In September 2017, US President dubbed North Korean leader Kim Jong Un as ‘Rocket man’ in his tweet reducing the latter to nothing more than a ‘mad man’ with a missile. Pyongyang acknowledged receipt of this message a few days later questioning Trump’s mental health. The US president was in no mood to swallow the insult and pat came the reply - “Why would Kim Jong-un insult me by calling me ‘old’ when I would NEVER call him ‘short and fat?’”
Going by the statements, one would be forgiven for thinking that this was two school boys fighting. But what nobody would have thought was that nine months after trading such insults, these two world leaders would be making history by meeting each other in person.
On 12 June, a truly extraordinary scene played out in Singapore - Trump and Kim shaking hands. Millions of people all over the globe waited with baited breath for visuals of the first handshake between the two leaders. Preceded by a series of dramatic events - the US President canceling the meeting, Kim meeting the South Korean President for the second time in a rush and Trump again reversing his decision - it was an event many thought they would never see in their lifetimes.
From the very beginning, it was believed that the summit would center on nuclear disarmament. And it did just that. A document signed by the leaders included a pledge from Mr Kim to rid the Korean peninsula of nuclear weapons, which was a huge announcement. But in an extraordinary media conference later, Mr Trump announced details not in the paper - he said he would halt US military exercises in South Korea, something widely seen as a concession. Although many details remain unresolved, including the concrete steps that North Korea will take in the denuclearization process, the two broad agreements in themselves are very significant considering the fact that Trump and Kim were meeting for the first time. Although observers warn against prematurely heralding the summit as an achievement, it is definitely a turning point in the relationship between the two countries.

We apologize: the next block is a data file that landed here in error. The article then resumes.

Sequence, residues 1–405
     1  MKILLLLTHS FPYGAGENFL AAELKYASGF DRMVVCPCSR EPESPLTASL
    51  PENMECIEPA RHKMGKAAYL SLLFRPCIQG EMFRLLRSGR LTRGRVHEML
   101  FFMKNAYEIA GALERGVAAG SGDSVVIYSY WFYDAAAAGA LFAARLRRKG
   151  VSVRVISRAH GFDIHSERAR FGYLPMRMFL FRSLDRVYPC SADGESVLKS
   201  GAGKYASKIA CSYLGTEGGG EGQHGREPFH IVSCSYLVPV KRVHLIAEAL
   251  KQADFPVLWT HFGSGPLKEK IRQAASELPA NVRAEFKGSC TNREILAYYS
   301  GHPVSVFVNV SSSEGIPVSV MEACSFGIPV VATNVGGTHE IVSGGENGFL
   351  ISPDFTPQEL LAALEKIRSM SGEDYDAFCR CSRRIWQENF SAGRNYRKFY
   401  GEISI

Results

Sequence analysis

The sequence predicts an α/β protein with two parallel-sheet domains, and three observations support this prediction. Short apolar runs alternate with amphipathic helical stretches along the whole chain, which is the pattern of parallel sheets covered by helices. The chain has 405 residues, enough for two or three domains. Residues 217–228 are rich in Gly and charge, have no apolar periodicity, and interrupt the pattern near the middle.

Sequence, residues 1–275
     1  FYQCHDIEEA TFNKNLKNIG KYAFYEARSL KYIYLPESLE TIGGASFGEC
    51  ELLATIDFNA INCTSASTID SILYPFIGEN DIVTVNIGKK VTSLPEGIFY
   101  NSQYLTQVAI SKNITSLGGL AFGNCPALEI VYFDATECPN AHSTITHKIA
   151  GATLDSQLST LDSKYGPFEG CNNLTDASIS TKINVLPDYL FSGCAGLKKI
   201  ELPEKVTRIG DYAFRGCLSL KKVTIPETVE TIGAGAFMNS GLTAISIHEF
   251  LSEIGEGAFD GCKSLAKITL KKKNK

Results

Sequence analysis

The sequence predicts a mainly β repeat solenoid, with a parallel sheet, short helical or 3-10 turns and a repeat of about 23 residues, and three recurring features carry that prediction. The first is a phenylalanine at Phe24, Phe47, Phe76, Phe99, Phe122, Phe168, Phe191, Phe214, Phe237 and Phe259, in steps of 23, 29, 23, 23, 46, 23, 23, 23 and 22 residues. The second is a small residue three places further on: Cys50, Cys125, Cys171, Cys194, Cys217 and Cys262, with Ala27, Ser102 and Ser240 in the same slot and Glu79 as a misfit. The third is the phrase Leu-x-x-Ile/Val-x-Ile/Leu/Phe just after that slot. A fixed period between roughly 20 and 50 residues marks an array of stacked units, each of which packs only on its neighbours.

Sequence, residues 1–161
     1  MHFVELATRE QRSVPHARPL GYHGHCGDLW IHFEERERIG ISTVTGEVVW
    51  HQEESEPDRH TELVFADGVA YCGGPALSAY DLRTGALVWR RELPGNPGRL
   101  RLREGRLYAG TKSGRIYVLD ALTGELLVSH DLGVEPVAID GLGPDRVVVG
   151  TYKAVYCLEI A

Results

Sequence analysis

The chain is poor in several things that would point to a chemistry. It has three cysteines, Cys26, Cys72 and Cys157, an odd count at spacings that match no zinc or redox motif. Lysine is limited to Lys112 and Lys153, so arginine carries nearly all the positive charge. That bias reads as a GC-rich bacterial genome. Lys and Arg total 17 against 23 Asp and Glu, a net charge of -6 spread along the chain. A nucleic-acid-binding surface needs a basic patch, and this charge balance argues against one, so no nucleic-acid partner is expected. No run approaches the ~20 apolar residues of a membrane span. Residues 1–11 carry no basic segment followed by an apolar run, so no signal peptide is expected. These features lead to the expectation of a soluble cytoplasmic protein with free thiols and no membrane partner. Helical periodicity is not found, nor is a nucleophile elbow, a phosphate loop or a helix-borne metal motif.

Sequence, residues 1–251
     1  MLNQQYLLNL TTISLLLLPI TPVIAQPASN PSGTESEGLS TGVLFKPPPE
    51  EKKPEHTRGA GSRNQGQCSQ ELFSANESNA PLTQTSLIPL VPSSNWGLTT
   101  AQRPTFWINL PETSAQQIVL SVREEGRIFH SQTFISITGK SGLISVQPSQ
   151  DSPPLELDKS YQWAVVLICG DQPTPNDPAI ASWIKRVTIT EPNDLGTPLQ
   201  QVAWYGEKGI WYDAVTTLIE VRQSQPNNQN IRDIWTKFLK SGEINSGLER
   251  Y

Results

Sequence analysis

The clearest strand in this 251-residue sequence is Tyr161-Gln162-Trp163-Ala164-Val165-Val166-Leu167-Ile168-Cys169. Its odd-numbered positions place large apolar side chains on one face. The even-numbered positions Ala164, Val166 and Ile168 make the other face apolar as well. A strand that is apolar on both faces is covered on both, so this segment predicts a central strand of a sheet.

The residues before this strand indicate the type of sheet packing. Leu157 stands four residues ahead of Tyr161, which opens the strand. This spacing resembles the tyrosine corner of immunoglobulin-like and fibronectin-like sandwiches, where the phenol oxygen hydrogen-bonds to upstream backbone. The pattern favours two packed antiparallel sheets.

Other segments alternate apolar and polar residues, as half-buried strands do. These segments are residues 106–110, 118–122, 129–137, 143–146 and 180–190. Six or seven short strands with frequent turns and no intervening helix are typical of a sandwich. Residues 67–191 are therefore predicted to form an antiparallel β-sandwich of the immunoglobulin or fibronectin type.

Apart from two significant outcomes, a major outcome of the summit is the change of image it has brought about for both Kim and Trump. While on one hand, Trump achieved what no other sitting President had achieved in the last 60 years, Kim was able to shed his ‘dictator’ image and came out as a friendly ‘leader’ of a country who was extending a hand of friendship. For Kim, who runs a totalitarian government, the change of image might not be significant in his country, but in the global stage it is a big achievement. In the face of ruthless attacks from media and politicians alike, for the US President, the summit will serve as a big factor to shut his critics’ mouths.
A third person who is going to be happy is the Chinese President, Xi Jingping. Xi hosted the North Korean leader twice before the long-anticipated summit and experts believe he played a vital role in making the meeting possible. Trump himself expressed this view when he said that ‘for various reasons, maybe including trade ...it could very well be that he (Xi Jingping) could be influencing Kim’. Amidst a barrage of sanctions against his nation, there are chances that Kim could have sought the Chinese President’s help in finding a way out for his country. Xi, in turn, could have suggested extending a hand towards the US. The summit is certain to give Xi brownie points for his handling of North Korea and cement China’s existing influence in the impoverished nation.
All in all, the event of 12 June is undoubtedly a turning point in the relationship between the two countries. How situation plays out in this changed scenario, we will have to wait for sometime to see.